Overall, the entry is carefully composed, but while the functions of the dramaturg are context-specific, there are theoretical and practical models that have been drawn on - namely, Lessing and Brecht.

Since Lessing, German theatre has dominated critical thinking about dramaturgy and strategically positioned different functions of the dramaturg at the centre of mainstream theatre. The two most prominent German playwrights of the twentieth century, Brecht and Heiner Müller, worked and in part identified themselves as dramaturgs; and it is common German practice to employ at least one dramaturg in a theatre building. In larger theatres the Chef or head dramaturg reads new plays, assumes a prominent advisory rôle in selecting the repertoire and acts as primary thinker about the political and social objectives of the theatre - what John Rouse calls the 'literary conscience' of the theatre.23 The Chefdramaturg and the rest of the team also work on individual productions as researchers, sounding boards and textual consultants to the director. In the Brechtian model the dramaturg has principal responsibility for research and philological work on the text and historical context, as well as its author; he or she has additional responsibility for editorial work on the text, any necessary translation or retranslation, rewriting or restructuring. Often the dramaturg for a production takes responsibilty for the programme, a task deemed central to educating the public about the play and its directorial concept. In this way the dramaturg is part of an interpretational team that includes the director, designer and actors, and is a bridging mechanism to the audience. Volker Canaris has stated:

The dramaturg became the director's most important theoretical collaborator. Dramaturgy in Brecht's sense comprises the entire conceptual preparation of a production from its inception to its realisation. Accordingly it is the task of dramaturgy to clarify the political and historical, as well as the aesthetic and formal aspects of a play.24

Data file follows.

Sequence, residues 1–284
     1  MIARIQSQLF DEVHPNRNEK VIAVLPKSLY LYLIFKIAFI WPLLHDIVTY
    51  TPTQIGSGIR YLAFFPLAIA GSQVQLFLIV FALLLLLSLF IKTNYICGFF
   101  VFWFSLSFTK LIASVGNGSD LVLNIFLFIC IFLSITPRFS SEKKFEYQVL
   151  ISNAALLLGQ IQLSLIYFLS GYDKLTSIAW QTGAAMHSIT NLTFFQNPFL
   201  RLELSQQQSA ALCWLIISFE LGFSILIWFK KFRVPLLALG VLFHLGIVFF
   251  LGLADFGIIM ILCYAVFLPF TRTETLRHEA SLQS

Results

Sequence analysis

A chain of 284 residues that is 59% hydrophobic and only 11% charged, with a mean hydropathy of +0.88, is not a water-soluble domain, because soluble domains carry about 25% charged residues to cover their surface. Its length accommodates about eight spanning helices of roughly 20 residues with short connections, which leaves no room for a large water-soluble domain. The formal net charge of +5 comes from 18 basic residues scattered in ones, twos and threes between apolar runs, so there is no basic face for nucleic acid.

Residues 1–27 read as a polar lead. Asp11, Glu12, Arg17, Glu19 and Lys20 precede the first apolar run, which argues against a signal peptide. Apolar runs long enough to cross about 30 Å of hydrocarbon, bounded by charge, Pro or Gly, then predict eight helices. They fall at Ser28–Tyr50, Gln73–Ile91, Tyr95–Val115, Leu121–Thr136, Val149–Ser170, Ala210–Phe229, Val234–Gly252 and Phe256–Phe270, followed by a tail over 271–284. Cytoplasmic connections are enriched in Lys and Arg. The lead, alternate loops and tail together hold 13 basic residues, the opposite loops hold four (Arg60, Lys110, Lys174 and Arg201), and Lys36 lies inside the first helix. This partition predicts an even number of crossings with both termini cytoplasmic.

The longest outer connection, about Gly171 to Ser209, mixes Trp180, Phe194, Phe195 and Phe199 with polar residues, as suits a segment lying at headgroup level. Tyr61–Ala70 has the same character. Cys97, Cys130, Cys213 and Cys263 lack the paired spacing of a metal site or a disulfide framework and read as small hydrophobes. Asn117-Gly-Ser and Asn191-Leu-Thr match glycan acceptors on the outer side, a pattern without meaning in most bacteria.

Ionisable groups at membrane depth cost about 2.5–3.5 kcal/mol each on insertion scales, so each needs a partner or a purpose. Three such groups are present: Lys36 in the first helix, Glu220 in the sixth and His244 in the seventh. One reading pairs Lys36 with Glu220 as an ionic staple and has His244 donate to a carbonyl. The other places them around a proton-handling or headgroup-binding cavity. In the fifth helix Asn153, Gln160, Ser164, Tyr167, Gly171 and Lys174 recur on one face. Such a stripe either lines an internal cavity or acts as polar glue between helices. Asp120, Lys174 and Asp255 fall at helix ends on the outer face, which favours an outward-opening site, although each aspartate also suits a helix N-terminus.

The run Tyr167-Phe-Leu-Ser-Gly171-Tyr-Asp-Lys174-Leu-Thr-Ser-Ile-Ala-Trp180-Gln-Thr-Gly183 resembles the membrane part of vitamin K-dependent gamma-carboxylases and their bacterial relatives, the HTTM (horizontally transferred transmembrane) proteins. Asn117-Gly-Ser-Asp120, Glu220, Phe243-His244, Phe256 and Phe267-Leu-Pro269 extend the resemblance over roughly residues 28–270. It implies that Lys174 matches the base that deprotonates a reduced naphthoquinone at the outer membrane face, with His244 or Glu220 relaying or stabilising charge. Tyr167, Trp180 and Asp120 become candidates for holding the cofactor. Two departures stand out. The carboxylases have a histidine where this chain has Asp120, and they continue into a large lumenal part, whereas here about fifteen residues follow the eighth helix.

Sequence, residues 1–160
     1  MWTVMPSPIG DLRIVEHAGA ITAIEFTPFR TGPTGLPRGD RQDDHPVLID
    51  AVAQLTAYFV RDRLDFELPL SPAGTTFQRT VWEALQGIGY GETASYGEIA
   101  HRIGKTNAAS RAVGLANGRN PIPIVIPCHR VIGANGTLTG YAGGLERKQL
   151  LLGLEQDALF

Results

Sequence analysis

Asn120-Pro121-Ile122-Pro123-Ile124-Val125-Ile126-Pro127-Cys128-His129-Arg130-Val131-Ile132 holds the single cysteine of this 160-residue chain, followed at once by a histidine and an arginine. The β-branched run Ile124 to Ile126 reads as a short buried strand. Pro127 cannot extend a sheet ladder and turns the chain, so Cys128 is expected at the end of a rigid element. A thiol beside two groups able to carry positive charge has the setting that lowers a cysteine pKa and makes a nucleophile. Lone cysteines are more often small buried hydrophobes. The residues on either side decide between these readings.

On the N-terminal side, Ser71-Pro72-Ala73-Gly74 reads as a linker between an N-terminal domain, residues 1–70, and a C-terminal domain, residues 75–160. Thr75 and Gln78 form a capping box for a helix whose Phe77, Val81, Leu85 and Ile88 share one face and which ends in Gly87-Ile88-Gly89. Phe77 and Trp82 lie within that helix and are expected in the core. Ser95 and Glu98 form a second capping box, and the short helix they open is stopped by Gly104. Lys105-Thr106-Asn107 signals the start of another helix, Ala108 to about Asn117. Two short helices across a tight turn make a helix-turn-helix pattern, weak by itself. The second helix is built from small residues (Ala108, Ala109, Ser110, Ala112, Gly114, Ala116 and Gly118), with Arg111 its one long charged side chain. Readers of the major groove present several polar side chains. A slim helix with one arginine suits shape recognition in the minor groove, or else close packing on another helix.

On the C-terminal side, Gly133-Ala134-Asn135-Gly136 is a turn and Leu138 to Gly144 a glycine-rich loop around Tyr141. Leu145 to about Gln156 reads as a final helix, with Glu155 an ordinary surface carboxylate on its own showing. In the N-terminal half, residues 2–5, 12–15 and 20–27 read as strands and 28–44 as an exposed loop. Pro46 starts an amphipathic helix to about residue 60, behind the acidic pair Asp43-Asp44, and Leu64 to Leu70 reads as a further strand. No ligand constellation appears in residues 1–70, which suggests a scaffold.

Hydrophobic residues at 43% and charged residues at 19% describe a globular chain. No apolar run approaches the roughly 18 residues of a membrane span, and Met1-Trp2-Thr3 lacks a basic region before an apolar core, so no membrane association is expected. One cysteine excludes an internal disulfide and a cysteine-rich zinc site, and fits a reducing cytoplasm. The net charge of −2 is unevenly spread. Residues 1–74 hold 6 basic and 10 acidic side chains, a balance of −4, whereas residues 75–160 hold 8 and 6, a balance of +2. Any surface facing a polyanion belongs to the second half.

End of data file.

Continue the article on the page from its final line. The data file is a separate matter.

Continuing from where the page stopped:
This model of what is known as the 'production dramaturg' has spread, with variations, across Middle and Eastern Europe and North America, whilst director-dramaturg partnerships, if not always the norm in all continental countries, are visible and articulated.

The search for viable definitions of dramaturgical praxis and a dramaturg's functions have been a particular preoccupation with continental theoreticians and practitioners since Brecht, and have been of increasing concern to North Americans since the 1960s. Recent work targeted at students on dramaturgy courses in the US, such as Dramaturgy in American Theater: A Source Book, offers a plethora of contrary positions, and rightly argues that only individual case histories can be taken into account because a dramaturg's or literary manager's functions vary according to the economic and political conditions of production. The vested ideologies, both right-wing and left-wing, behind many of those positions are sometimes overt, sometimes obscured, and the desire of many of the contributors for a rigid definition is striking, but the book does not seek to eliminate contradictions in subject matter, nor proffer sound-bite interpretations.25 If anything, the over-enthusiasm of some of the contributors to define themselves as dramaturgs and jump on the bandwagon is something of a drawback and blurs an already very complicated picture. Thus dramaturgy has acquired a wide range of meanings, from theorisation of the dramatic structure and internal logic of play or performance (it 'is frequently used as a synonym for the theory of drama and theatre'),26 to the work of a dramaturg who (on the Continent) is usually based in a theatre but (in England) may work freelance. To summarise, one of the two common senses of dramaturgy relates to the internal structures of a play text and is concerned with the arrangement of formal elements by the playwright - plot, construction of narrative, character, time-frame and stage action. Conversely, dramaturgy can also refer to external elements relating to staging, the overall artistic concept behind the staging, the politics of performance,

© Cambridge University Press

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Table of Contents

Introduction; 1. Lessing and the Hamburgische Dramaturgie; 2. Dramaturgy in nineteenth-century England; 3. William Archer and Harley Granville Barker: constructions of the literary manager; 4. Bertolt Brecht: the theory and practice of the dramaturg; 5. Kenneth Tynan and the National Theatre; 6. Dramaturgy and literary management in England today; 7. Conclusion.